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Link to an image of this page  Link to an image of this page  [E2v p68]

In fraudulentos.

Deceivers

EMBLEMA XLIX.

Parva lacerta, atris stellatus corpora guttis
Stellio,[1] qui latebras, & cava busta colit,
Invidiae, pravique doli fert symbola pictus.
Heu nimium nuribus cognita Zelotypis!
Nam turpi obtegitur faciem lentigine quisquis,
Sit quibus immersus stellio, vina bibat.[2]
Hinc vindicta frequens decepta pellice vino,
Quam formae amisso flore relinquit amans.

The little lizard, called the ‘starred’ gecko from the dark star-shaped marks sprinkled all over its body, a creature that lurks in holes and hollow tombs, is pictured here and presents symbols of resentment and wicked deception, known only too well to jealous wives. For anyone who drinks wine in which a spotted gecko has been soaked comes out in ugly spots all over the face. This is often a way of taking revenge - the husband’s fancy woman is tricked with wine, and, when the flower of her beauty is gone, her lover abandons her.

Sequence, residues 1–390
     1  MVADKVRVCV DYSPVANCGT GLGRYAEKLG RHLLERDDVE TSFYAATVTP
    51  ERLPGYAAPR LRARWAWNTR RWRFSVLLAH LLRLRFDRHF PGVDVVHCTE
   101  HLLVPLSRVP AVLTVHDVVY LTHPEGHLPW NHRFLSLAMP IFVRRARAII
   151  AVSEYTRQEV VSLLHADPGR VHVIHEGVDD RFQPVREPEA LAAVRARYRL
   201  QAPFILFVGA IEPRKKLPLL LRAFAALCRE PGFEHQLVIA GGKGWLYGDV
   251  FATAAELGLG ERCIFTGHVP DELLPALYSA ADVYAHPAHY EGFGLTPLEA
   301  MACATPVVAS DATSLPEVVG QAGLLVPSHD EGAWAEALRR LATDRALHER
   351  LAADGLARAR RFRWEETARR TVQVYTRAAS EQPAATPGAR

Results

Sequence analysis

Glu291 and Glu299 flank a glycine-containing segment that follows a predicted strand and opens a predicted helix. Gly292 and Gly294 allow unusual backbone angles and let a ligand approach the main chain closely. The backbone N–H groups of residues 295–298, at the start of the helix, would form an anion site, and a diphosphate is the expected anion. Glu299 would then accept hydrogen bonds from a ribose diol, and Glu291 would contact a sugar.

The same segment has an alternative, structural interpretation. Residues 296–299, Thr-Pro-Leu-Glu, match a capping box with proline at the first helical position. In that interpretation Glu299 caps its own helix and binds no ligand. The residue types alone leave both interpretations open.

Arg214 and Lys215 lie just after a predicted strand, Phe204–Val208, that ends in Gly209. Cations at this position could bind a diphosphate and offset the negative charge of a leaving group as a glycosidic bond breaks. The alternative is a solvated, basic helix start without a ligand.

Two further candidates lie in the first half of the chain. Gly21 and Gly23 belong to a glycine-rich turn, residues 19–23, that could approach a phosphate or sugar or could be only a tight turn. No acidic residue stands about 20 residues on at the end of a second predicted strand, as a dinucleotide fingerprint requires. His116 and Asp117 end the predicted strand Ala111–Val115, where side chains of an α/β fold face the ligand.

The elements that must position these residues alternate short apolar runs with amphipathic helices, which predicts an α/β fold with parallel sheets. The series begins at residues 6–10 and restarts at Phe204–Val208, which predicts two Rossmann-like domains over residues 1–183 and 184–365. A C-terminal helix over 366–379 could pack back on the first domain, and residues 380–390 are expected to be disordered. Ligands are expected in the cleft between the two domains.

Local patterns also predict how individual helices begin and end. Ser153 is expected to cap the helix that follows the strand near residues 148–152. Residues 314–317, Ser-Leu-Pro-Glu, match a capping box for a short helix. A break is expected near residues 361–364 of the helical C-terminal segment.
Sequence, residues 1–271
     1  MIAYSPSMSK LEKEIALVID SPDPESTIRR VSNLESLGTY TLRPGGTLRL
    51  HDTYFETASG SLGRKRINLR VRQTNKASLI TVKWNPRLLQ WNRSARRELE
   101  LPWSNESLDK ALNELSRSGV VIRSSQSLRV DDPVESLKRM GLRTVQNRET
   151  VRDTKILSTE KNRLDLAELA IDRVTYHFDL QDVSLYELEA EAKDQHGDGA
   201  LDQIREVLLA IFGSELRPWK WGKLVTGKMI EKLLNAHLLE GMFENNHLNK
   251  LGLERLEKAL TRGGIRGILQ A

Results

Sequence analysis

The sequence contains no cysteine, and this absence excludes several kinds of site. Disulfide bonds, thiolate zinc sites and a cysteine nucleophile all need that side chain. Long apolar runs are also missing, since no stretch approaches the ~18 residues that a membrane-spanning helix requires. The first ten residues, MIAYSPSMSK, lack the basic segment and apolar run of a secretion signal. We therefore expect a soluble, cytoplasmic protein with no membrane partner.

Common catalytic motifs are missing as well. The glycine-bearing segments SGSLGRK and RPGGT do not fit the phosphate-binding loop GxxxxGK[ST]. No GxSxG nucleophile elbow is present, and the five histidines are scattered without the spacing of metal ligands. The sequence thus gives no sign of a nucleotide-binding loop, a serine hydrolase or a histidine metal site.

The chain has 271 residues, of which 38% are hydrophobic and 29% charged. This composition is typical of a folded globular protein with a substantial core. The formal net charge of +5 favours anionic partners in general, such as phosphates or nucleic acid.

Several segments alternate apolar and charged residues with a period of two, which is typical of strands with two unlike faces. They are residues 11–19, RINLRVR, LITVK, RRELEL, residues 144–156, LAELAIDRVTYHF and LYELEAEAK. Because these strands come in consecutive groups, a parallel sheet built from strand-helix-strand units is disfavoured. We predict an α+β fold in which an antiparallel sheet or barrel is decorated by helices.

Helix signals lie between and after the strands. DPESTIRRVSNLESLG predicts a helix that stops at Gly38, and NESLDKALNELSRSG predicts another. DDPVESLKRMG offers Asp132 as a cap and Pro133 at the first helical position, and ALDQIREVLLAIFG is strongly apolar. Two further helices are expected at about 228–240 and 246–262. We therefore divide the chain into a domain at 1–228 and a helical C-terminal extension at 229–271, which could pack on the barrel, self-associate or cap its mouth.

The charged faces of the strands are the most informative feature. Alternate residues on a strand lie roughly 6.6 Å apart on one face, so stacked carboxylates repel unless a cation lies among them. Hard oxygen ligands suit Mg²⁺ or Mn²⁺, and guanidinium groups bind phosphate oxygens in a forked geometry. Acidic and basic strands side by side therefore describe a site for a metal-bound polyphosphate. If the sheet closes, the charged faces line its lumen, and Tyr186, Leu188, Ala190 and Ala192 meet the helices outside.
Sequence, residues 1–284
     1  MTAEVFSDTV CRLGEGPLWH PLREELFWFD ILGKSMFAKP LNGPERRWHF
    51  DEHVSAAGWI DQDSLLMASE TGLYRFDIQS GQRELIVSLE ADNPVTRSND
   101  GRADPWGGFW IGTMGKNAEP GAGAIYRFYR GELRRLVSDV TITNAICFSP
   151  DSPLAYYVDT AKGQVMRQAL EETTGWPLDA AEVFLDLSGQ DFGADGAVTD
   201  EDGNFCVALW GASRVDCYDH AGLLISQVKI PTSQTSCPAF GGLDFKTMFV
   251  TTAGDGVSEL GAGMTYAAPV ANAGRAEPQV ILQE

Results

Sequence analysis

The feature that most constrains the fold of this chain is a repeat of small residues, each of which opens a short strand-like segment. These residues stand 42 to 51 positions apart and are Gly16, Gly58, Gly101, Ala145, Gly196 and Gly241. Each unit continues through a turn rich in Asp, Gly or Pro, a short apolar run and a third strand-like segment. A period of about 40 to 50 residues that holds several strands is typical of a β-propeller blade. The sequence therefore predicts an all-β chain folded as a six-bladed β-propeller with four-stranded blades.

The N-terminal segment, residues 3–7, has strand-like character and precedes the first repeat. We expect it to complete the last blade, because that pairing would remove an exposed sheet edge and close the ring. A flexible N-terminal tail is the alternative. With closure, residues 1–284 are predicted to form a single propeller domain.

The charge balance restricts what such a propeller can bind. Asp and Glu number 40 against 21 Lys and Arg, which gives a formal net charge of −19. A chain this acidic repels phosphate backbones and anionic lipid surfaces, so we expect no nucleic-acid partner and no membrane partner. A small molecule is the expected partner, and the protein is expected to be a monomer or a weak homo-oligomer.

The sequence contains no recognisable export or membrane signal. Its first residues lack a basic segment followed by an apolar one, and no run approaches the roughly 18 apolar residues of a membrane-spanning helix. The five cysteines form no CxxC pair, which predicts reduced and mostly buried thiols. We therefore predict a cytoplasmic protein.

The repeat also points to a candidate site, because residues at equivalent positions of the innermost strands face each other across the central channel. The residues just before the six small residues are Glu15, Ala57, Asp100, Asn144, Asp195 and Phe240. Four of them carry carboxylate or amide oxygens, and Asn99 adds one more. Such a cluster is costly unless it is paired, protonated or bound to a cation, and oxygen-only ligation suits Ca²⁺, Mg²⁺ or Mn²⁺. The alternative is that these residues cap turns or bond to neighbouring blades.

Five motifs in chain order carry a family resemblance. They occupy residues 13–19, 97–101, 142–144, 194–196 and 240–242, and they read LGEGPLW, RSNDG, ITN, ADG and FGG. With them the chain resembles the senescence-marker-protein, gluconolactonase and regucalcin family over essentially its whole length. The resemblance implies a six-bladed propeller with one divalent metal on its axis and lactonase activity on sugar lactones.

Notes:

1.  stellio, ‘the ‘starred’ gecko’. See Ovid, Metamorphoses, 5.461 for the explanation of the name stellio.

2.  Nam turpi...vina bibat, ‘anyone who drinks wine...all over the face’. See Pliny, Natural History, 29.22.73.


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Section: DESLOYAULTE. View all emblems in this section.

Link to an image of this page  Link to an image of this page  [E5v p74]

Contre les fraudulens.

Le Stellion[1] ha mainte noire goutte
Petit Lezard, qui dens les creux se boutte,
D’envie, & dol porte marcques infames,
Las trop cogneu par les jalouses femmes:
Car qui vin boit ou estaindre l’on face
Ung Stellion: lentilleuse ha la face.
Ainsi par vin la beaulté effacée
La vengence est de L’amie laissée.

Nature ha mis apparentes enseignes du
mal, es bestes dangereuses, affin de s’en
garder. Comme au stellion, petites mar-
ques & taches rousses esparses comme
estoilles, Lesquelles viennent au visa-
ge de ceulx, & celles, qui hont beu vin
ou soit mort ung stellion. Et ainsi par
telle fraude soubz couleur de donner
collation. Les jalouses femmes de-
forment les beaulx visages de celles à
qui elles portent envie.

Notes:

1.  Latin equivalent of stellio, ‘the starred gecko’. See Ovid, Metamorphoses, 5.461 for the explanation of the name stellio.


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